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By Rob Carrick

More than their electronics, jewelry, cars and fancy kitchens, it's the trips people take that give them the most satisfaction. That's my personal finance columnist's take on the hundreds of conversations I've had with people over the years about spending money.

Travel can be expensive and I do not advocate going into debt to pay for it. But travel can be worked into your life in an affordable way. For example, you could arrange to work remotely and rent out your house for parts of the year. Or, you could put money away for a sabbatical. A millennial I just interviewed and will be writing about for a future column has decided to forgo owning a home for reasons that include having a bigger travel budget.

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One of the best takes I've ever seen on the financial side of travel can be found in this Q&A with the author of a book called All the Money in the World: What the Happiest People Know About Getting and Spending. Scroll down to the part where she talks about the triple-whammy of happiness for every dollar spent on travel. For the budget-conscious, here's a slideshow of destinations where you can travel for less than $100 (U.S.) per day.

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Rob's top web links

The most affordable destinations for Canadian travelers
> Here's a list, ranked by flight costs, of the most popular spots for Canadians as determined by searches on a travel website. Scroll to the bottom to find links for the best travel values for people living in six cities – Vancouver, Calgary, Winnipeg, Toronto, Ottawa and Montreal.

Our retirees are doing nicely
> By this one measure, the median disposable income for people 65 and older, Canada is doing quite well on a global scale. Some perspective for those wondering how effectively we're saving for retirement.

These home renos are worth the money
>
Granite countertops are sometimes maligned as a symbol of conspicuous and excess consumption, but they help sell houses. Also be wary of the renos that add the least value - pools, uber-trendy kitchens and more.

Stop trying to copy rich people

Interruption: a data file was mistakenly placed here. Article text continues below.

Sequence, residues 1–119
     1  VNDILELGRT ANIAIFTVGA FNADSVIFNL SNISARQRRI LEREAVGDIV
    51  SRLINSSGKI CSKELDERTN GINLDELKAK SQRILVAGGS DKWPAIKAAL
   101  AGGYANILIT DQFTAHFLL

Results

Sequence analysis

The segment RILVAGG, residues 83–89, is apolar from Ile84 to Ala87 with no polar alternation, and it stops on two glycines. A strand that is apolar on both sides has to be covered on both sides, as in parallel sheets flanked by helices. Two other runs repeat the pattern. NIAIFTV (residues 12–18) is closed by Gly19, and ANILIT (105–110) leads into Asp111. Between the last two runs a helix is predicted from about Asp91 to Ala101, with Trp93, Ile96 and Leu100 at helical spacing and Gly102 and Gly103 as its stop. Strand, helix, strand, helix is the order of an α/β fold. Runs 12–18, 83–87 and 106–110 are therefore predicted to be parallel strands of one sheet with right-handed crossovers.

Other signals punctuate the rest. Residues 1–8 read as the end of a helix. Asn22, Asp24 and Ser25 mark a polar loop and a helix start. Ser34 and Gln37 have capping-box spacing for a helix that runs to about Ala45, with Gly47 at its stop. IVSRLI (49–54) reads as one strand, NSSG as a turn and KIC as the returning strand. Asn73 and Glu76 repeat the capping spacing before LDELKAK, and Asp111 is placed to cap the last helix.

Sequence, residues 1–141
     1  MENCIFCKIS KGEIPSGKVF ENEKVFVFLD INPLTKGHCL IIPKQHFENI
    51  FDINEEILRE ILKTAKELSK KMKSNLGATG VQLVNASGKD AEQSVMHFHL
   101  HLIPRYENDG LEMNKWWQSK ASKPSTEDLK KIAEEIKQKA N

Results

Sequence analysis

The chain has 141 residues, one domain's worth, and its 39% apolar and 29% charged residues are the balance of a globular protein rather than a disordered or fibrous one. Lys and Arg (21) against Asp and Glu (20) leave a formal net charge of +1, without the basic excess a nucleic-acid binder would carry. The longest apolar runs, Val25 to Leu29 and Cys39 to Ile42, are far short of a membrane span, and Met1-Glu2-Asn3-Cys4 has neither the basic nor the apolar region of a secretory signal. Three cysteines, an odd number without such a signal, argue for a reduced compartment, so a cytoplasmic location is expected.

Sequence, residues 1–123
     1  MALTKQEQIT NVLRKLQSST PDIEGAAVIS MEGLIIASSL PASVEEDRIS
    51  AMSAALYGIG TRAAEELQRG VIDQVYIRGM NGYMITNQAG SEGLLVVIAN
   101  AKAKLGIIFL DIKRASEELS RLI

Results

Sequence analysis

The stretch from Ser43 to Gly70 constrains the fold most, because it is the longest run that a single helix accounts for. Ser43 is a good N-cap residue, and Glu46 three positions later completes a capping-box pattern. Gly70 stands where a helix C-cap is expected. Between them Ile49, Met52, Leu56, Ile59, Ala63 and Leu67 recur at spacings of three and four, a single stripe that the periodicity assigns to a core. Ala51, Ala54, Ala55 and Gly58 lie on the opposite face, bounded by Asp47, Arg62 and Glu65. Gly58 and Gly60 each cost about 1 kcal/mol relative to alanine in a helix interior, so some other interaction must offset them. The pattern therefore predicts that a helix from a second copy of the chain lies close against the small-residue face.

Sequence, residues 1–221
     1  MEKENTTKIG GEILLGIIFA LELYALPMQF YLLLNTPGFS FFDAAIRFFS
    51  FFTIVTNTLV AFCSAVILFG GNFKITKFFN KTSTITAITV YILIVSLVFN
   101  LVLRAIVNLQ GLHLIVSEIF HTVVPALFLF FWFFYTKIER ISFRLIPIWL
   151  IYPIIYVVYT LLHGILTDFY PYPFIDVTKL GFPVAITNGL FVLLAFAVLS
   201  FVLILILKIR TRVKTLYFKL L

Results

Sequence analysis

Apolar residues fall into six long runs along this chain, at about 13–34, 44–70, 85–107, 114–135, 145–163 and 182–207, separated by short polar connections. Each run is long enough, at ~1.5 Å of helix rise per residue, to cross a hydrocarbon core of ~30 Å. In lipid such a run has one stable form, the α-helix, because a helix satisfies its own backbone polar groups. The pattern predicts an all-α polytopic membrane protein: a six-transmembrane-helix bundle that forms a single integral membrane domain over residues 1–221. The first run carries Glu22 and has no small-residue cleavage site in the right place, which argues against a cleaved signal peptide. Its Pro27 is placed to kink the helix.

> It's tempting to latch onto the habits of wealthy people, but it's basically a waste of time. A great point made here: "If you're going to look at habits, it's probably better to look at the habits of regular, everyday people like you who are making headway and improving their finances."

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Are you a card-carrying BMO customer?
> Reviews of three versions of the Bank of Montreal's World Elite MasterCard, each with a different approach to loyalty rewards.

Never offer to take a pay cut
> Financial lessons from journalist Michael Kinsley, author of a new book called Old Age, a Beginner's Guide. He offered to take less in pay one time and, well, you can read about it here.

Who's who in car and home insurance
> There's less competition than you think in the property insurance biz; many names are owned by just a few companies.

Today's featured investment tool
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Ask Rob

The question: "You say it is better to rent. My question is, if you are just starting out on your own and have enough money for a down payment, why would you say it is better to rent? From my point of view, I can see the initial investment in the house would definitely appreciate as years go by. And in the past 10 years, it has actually not just doubled, but probably tripled and quadrupled. Please, can you show me the benefit of having a rental for all these years as opposed to owning?

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My reply: It's better to rent than own a house you can't afford. By that, I mean paying so much for mortgage costs, property taxes, maintenance and improvements that you can't afford to save sufficiently for retirement, your children's education and more. If you can manage all of this, by all means buy.

Do you have a question for me? Send it my way. Questions and answers are edited for length.

Featured Video
Investment adviser Nancy Woods and I talk about estate planning for people with TFSAs. Watch this if you don't know what a successor annuitant is.

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